Currently, for this research, it captures unencrypted data packets which have been collected with Wireshark, an open-source packet capture and analysis software, on a Raspberry Pi in multiple locations and on multiple WiFi channels. And code has been written to read the packet captures and analyze the information within the files, specifically the access points, signal strength, and a number of packets. 

Construction of a POMDP Learning Model for Human-Robot Collaboration

Principal Investigator: Professor Lin

Other Contributor: Wei Zhang

AWaRE REU Researcher: Chase Brown, Bethel University

Project Description: In Human-Robot Collaboration, robots are expected to work next to humans in warehouses, daily housekeeping, and other robot assistant applications safely, intelligently and friendly. To achieve this goal, the robotic system should be equipped with capacities of understanding the intentions of human partners and reasoning according to the behaviors of human partners and the state of the environment. The main idea is to combine the learning-based approach with traditional high-level task planning algorithms. The first step is to build a human model using data collected from the visual perception system such as stereo cameras. Based on the learned human model, robots could infer the intentions of human partners using the data collected during run-time. For example, in the handover task, the robot could track the skeleton of the human, collect data from several demonstrations and then infer the human intention. Once the robots understand human intention, they could behave collaboratively with the human according to decisions made by high-level task planning algorithms.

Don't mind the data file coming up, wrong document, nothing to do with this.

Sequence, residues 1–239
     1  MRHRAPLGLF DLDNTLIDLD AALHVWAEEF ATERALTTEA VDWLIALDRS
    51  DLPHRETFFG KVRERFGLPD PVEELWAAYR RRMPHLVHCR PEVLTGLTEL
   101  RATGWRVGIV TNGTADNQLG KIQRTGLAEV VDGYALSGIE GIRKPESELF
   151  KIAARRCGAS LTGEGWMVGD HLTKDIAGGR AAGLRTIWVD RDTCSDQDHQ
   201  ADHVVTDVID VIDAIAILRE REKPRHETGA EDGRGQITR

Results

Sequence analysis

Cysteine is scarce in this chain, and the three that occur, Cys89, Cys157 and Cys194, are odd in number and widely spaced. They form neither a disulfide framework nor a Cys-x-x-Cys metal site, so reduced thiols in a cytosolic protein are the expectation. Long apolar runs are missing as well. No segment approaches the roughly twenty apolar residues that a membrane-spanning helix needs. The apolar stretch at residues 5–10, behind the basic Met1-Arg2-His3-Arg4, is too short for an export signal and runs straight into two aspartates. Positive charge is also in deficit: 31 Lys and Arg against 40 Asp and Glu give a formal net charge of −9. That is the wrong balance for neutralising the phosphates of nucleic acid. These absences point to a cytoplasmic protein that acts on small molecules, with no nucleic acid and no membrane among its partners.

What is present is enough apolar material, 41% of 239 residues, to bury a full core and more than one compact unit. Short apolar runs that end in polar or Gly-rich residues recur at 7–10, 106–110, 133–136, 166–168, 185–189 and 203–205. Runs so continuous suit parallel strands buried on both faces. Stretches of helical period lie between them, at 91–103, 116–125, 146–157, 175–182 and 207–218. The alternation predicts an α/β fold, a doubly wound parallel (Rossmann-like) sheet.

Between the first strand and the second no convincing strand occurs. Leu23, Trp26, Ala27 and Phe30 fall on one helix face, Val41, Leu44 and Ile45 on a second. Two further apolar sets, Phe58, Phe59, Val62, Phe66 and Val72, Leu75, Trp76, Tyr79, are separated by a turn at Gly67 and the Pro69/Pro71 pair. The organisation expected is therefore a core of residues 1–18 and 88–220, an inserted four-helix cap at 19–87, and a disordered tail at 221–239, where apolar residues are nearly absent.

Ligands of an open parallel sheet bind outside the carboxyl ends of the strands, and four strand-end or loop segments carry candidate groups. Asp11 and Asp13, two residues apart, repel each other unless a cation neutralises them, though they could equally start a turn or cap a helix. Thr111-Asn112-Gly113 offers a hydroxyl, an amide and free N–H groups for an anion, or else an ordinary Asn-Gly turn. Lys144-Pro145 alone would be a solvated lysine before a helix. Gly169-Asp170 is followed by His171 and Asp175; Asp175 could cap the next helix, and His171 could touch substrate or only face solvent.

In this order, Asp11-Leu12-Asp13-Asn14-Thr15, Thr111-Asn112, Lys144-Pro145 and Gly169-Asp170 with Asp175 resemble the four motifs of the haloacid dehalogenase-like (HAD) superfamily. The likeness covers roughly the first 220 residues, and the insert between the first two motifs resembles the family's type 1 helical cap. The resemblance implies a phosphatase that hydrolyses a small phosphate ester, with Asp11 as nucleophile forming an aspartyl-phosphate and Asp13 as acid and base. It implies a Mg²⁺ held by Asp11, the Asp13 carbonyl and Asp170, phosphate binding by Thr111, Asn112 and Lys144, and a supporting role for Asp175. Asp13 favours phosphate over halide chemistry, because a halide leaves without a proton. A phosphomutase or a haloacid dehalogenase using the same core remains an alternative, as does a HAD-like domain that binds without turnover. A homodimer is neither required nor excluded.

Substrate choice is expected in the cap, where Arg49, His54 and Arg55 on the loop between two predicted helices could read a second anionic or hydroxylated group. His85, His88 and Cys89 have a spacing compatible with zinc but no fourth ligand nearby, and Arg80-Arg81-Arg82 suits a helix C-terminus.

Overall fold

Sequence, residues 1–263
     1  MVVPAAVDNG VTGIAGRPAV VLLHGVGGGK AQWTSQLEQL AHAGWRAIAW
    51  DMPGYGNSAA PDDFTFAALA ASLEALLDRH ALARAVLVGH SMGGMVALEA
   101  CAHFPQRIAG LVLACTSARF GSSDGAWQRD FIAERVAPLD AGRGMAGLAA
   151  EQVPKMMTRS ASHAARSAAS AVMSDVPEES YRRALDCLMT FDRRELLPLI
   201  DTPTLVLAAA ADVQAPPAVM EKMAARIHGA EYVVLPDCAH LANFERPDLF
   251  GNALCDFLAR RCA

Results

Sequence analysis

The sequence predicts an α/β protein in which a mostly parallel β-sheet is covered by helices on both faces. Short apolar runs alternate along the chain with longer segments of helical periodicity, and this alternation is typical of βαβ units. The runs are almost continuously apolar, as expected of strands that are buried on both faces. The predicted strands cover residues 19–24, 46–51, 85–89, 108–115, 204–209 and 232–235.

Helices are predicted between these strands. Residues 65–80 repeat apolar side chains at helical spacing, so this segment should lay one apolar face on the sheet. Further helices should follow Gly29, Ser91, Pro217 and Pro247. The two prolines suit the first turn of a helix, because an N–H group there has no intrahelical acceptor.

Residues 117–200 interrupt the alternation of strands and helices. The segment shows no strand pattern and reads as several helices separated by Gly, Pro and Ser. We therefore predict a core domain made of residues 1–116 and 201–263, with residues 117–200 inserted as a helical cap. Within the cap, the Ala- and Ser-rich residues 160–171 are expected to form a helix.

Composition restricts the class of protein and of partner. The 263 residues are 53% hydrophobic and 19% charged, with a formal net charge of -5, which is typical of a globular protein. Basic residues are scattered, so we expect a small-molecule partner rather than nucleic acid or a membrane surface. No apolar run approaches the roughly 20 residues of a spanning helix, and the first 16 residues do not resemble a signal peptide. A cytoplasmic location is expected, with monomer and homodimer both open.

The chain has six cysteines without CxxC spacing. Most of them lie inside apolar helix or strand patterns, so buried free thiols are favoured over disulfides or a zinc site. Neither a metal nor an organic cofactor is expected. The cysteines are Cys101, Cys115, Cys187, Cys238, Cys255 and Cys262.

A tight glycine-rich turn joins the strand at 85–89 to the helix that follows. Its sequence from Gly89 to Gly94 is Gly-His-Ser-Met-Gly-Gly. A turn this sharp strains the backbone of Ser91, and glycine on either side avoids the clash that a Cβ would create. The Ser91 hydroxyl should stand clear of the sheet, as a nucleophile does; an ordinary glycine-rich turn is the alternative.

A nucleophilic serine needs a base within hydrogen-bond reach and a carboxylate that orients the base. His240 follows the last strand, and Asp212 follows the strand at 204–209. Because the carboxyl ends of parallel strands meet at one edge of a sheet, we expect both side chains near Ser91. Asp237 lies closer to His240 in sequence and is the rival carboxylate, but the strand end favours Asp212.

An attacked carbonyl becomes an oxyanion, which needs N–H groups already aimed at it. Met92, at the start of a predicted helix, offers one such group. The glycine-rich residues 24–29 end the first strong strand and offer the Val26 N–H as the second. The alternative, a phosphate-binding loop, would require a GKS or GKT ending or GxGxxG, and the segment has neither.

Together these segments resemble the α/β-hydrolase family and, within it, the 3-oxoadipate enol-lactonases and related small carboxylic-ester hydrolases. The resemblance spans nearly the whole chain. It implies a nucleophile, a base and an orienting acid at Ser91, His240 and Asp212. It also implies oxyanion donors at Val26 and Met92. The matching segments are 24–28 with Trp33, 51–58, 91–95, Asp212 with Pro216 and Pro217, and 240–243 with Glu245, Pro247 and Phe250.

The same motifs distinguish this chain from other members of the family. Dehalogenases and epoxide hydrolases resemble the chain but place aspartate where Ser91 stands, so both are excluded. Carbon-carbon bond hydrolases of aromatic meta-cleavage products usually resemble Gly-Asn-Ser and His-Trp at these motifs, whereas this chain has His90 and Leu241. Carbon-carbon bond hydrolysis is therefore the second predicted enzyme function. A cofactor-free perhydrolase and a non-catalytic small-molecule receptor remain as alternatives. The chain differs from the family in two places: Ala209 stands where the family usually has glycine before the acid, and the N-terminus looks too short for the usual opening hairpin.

Abstract: The collaboration of humans and robots in the industrial and home environment is essential to the progression of modern robotics. The implementation of a vector autoregressive partially observable Markov decision process (VAR-POMDP) allows humans and robots to collaborate on high-level objectives with precision and accuracy.